Petrarch's Canzoniere

Petrarch's Canzoniere

Scattered Rhymes in a New Verse Translation

Francesco Petrarch


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Francesco Petrarch’s Canzoniere (translated in English as ‘Scattered Rhymes’) is a collection of 14th century poems famed for their deep exploration of love, grief, spirituality and nature. Written over the course of forty years (approximately between 1328-1368), this collection includes 317 sonnets, 29 canzoni, 9 sestine, 4 madrigals and 7 ballate. These Scattered Rhymes almost always return to Laura, a women who Petrarch loves deeply, whom he first saw on a Good Friday. On this same day, some years later, Laura died. But Petrarch’s love does not wane, in fact at points it burns brighter. Il Canzoniere also serves as a valuable contemporary insight into 14th century religion and the role of the papacy in Christendom. Petrarch’s work is one of civilization’s most immaculate achievements. Michael R. G. Spiller regards Il Canzoniere as ‘the single greatest inspiration for the love poetry of Renaissance Europe until well into the seventeenth century’. Following his acclaimed translation of Dante’s Inferno, which ‘immediately joins ranks with the very best available in English’ (Dr Richard Lansing), Peter Thornton brings the poetry of Petrarch to the 21st Century in direct and luminous verse.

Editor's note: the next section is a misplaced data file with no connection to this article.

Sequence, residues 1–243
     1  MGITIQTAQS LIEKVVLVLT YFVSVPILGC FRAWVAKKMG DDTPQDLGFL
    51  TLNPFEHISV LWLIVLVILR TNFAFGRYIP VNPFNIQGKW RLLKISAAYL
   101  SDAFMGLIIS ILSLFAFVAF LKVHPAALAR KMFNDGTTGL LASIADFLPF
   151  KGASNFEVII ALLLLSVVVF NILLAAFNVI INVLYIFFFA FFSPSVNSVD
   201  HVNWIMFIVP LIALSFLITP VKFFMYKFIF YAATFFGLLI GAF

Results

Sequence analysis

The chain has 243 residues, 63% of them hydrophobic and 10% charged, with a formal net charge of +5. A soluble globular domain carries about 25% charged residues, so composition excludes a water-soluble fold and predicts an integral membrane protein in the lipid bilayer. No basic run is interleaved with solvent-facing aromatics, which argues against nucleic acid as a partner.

Francesco Petrarch:
Born in Italy in 1304, Francesco Petrarch moved with his family to Provence. Petrarch was smitten by the sight of a young woman named Laura. She did not return his love, but it stayed with Petrarch even after Laura’s early death. Laura inspired the 366 poems that make up his Canzoniere, translated here as ‘Scattered Rhymes’. Petrarch lived till 1374, and was writing and revising his sonnets into his last years.